Zahn’s manic presence makes for moments of perfect tragicomedy, such as when Mark makes faux-philosophical speeches during his forced father-son bonding time or when a shocking revelation about why his father died propels him to go on a day-bender at the poolside bar. As an actor, few are as capable as capturing the combined humor and pathos of being pathetically intoxicated. There’s a scene where he, several beverages deep, is talking to newlywed Rachel (Alexandra Daddario) about marriage; when Rachel asks if the spark in his marriage is still there, he laughs, earnestly, in her face. He then proceeds to describe sex 30 years into a marriage like a Fear Factor contestant having to eat a live bowl of worms. Mark is so far gone that he barely flinches when his son overhears this comparison.
Later in the season, when his daughter's friend Paula (Brittany O’Grady) gets upset watching the hotel’s native-Hawaiian employees perform traditional dances for a guest, Mark’s response is thoughtless at best. “Obviously, imperialism was bad,” he says. “But it’s humanity. Welcome to history. Welcome to America.”
When Paula grills him on what he stands for as a person, Mark is unable to answer; his eyes dart across the room as he fumbles to come up with a response that never materializes. The moment is both a testament to Mike White’s sharp-as-a-knife writing and to the almost enthusiastic way with which Zahn embraces the flailing obliviousness of his characters. “I've always been attracted to that,” said Zahn in an interview with GQ. “Characters who are vulnerable and should have a lot of vulnerability. I mean that's why we like them right?”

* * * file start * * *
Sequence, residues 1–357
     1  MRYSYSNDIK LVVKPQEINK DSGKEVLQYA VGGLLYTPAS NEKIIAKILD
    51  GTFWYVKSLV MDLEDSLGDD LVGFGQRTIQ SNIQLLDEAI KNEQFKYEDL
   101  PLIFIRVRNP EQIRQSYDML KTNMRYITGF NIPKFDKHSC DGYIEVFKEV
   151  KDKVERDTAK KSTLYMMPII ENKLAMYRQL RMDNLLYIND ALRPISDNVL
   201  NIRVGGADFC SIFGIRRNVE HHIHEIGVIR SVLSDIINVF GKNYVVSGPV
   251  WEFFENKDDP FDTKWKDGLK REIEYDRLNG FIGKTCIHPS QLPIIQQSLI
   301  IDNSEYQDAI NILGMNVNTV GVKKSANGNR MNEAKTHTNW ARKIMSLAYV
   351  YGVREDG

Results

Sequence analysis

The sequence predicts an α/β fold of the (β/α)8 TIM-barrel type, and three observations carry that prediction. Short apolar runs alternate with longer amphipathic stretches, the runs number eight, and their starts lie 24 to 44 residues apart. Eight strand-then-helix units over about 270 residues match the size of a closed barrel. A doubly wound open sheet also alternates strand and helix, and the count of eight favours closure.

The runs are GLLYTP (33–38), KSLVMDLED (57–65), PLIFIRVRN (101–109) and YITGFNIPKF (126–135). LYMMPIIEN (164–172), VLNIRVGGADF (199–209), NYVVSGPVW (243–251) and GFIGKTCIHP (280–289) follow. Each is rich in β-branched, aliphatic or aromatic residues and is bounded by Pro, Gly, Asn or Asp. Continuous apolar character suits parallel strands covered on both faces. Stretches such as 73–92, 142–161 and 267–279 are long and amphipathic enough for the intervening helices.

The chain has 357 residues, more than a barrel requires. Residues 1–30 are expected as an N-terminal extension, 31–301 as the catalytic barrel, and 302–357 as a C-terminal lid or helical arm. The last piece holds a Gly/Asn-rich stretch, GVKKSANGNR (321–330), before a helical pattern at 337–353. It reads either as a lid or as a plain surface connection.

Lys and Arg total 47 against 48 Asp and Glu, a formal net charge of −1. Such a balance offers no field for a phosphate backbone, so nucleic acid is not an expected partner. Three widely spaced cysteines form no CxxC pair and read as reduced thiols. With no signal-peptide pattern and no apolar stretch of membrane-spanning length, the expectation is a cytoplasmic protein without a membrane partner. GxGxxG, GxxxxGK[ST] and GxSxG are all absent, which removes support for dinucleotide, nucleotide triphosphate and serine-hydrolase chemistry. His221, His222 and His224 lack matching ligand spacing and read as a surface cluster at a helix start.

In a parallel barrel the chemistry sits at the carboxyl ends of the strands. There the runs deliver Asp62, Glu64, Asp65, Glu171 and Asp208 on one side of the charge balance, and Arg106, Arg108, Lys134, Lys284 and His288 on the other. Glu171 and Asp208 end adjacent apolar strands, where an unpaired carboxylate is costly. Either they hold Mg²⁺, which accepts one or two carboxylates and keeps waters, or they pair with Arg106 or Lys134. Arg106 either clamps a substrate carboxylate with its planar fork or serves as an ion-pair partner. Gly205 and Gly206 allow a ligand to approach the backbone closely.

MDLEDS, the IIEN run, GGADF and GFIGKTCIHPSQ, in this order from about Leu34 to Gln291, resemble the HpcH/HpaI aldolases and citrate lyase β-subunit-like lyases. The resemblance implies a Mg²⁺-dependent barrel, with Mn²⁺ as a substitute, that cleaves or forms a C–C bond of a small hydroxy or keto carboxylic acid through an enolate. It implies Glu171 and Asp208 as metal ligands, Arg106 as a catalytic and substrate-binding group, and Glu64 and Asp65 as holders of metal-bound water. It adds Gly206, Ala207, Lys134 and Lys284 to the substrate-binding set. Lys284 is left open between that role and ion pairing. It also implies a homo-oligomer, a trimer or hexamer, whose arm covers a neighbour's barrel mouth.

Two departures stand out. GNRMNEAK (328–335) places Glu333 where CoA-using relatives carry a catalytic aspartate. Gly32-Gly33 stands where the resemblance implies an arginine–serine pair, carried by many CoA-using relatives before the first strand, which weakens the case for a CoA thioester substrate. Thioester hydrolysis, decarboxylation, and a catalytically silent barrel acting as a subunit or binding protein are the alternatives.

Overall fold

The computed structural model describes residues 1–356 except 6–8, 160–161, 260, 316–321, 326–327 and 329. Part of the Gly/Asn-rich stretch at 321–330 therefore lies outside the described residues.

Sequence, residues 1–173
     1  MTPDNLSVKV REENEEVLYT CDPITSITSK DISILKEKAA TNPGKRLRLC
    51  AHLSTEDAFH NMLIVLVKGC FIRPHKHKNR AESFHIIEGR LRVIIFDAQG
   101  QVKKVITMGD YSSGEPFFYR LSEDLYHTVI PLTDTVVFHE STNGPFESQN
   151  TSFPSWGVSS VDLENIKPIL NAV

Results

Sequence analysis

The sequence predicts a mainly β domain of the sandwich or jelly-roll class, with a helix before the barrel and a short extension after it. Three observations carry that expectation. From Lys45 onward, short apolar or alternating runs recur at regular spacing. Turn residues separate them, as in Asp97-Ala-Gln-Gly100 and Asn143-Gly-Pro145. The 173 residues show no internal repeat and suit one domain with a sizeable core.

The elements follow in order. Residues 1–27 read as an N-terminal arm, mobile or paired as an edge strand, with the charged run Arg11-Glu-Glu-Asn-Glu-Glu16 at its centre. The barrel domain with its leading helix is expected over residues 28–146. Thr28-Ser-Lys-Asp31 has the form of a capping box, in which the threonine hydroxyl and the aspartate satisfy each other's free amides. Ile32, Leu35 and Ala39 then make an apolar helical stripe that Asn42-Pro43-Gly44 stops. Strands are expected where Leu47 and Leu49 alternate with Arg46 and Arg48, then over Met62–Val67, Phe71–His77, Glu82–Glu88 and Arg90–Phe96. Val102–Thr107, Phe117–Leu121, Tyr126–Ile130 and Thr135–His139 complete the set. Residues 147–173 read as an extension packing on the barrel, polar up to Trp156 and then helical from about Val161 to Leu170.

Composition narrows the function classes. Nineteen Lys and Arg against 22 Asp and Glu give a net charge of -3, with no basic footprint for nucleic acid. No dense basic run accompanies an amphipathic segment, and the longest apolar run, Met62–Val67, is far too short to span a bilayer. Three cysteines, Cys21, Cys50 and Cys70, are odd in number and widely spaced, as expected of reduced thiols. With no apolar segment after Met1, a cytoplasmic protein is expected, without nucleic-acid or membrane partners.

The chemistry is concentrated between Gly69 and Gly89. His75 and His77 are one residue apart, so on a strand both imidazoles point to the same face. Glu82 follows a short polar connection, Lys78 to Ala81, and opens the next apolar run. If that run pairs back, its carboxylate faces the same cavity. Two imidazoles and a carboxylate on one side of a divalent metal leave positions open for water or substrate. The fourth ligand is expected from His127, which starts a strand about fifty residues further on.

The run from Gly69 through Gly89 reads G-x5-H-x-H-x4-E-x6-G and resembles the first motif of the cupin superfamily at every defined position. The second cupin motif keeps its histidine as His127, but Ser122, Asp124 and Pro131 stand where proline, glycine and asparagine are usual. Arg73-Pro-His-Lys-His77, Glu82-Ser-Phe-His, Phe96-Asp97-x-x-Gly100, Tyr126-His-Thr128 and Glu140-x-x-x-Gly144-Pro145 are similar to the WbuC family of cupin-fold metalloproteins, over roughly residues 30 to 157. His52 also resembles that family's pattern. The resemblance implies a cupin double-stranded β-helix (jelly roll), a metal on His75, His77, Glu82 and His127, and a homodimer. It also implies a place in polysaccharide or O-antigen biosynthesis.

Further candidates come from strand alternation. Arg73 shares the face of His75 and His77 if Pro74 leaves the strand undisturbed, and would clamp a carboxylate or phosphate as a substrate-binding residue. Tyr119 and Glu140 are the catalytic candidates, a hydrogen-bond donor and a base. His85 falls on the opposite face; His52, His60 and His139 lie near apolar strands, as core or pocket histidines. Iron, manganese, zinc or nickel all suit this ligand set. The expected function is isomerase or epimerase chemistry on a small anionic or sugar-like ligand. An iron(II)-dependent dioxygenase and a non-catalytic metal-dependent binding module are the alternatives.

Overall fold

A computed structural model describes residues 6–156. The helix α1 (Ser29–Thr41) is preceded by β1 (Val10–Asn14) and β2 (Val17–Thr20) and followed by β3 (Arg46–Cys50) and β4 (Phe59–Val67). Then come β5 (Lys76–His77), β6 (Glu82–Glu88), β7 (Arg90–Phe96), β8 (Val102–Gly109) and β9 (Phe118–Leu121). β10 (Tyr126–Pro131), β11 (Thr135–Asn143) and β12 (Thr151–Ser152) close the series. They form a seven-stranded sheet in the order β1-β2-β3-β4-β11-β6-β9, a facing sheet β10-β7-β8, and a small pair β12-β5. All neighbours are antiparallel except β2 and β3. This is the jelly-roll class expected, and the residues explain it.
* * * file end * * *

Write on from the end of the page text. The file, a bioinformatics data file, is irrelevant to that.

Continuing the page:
No matter the quality of the movie or TV series, the best character actors have a knack for stealing the entire show. This is Zahn in a nutshell, an actor who managed to be memorable even in films like Daddy Day Care, which the late Roger Ebert called “a woeful miscalculation. Or, take the 2008 bro comedy Strange Wilderness, which currently has a two percent rating on Rotten Tomatoes and features a scene where a wild turkey bites Zahn’s character’s penis; as dumb as it was, it would have been undoubtedly worse without Zahn present. Even when he works in dramatic roles, like when he lost 40 pounds to play a prisoner of war in Werner Herzog’s Rescue Down, or when he played an ape in 2017’s War For the Planet of the Apes, his charming personality adds some levity to the gravity of his scenes.
Zahn can do it all, whether it’s playing a loudmouthed radio DJ and musician on the gritty, post-Katrina New Orleans drama series Treme, or a CGI cat in Stuart Little. He still channels that screwup energy of his past work that made him the best Gen X sideman, but the onscreen existential crises his character goes through on The White Lotus show that the loser father is the most powerful iteration of this phenomenon yet.